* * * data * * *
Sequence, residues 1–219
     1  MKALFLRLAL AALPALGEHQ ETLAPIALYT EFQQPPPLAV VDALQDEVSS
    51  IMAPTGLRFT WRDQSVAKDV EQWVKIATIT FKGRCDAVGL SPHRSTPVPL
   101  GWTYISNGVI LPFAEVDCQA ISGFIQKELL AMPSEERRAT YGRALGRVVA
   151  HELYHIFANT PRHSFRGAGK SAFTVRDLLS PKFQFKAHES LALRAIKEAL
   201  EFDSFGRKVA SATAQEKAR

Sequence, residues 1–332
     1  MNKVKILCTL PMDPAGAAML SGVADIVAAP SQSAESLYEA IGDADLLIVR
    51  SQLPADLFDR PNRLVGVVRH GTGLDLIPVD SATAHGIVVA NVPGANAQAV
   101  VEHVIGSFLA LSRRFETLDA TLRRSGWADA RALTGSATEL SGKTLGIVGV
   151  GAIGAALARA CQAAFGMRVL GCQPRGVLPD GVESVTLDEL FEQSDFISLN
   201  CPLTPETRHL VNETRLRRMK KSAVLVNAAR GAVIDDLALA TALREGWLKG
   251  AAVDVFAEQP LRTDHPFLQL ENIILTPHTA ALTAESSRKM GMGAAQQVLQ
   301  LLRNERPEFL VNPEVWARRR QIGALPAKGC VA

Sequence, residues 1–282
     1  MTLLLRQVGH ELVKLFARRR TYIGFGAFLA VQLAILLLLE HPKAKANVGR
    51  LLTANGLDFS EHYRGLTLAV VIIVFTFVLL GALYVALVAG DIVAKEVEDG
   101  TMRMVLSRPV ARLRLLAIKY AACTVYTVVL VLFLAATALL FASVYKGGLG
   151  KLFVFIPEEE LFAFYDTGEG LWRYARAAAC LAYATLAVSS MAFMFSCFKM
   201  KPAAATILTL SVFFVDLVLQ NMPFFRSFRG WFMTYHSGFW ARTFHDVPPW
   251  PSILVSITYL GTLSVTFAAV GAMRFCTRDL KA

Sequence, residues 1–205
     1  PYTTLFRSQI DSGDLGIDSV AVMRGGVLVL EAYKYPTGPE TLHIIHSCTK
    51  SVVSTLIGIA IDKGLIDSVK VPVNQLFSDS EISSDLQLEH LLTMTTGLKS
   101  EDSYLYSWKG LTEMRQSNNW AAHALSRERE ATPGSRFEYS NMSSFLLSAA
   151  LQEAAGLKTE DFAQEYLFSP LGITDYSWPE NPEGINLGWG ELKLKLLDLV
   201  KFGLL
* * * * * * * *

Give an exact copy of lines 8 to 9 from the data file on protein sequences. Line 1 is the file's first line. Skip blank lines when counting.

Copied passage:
     1  MNKVKILCTL PMDPAGAAML SGVADIVAAP SQSAESLYEA IGDADLLIVR
    51  SQLPADLFDR PNRLVGVVRH GTGLDLIPVD SATAHGIVVA NVPGANAQAV